The Cre8 DES was well suited to this complex case. Its structure provides high radial strength, a necessary consideration for use in the main stem. It can be easily positioned and has demonstrated efficacy in diabetic patients.6 It employs a fatty acid, which acts as a permeation enhancer, in its formulation. Fatty acids are used to improve transdermal and skin delivery of drugs,25 and cardiac fatty acid uptake is increased in diabetic mouse models.26 This combination of drug and permeation enhancer leads to increased drug concentration in the tissue, allowing a homogeneous distribution and a uniform action on the whole tissue (see Figure 3).
These presentations of two very different cases – one with a high bleeding risk and the other with highly stenotic lesions in different places. These illustrate the value of case studies. Clinical trials do not discuss specific cases, but in everyday practice we need to apply clinical trial data on a one-to-one basis. No single patient fits a standard profile, and numerous factors need to be considered before undergoing PCI. These include the patient’s medical history, prognosis and clinical presentation, the available instruments, devices and imaging modalities and the experience of the cardiologist (see Figure 4). Furthermore, it can be seen that there is no consensus of opinion between experts.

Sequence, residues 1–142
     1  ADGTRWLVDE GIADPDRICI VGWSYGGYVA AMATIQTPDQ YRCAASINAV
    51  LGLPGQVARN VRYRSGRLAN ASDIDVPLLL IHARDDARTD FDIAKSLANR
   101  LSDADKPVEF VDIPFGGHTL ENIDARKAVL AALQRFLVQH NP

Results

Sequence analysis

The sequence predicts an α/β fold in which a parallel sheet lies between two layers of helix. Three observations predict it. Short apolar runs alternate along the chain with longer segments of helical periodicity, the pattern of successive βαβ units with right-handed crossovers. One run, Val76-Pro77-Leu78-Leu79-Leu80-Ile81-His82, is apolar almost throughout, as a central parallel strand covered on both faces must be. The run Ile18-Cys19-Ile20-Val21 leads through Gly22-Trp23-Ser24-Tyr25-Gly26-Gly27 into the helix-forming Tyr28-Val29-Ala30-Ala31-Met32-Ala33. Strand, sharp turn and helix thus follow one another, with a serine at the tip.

The Cre8 DES could be a useful addition to the range of DES employed in complex PCI cases. Its polymer-free platform with abluminal reservoirs allow targeted and controlled drug elution. The Amphilimus formulation enhances drug bioavailability and tissue permeability for optimal safety and efficacy. Furthermore, initial clinical data have demonstrated good safety and efficacy. However, data from larger prospective trials are required to ascertain the true effectiveness of the Cre8 DES in complex lesions.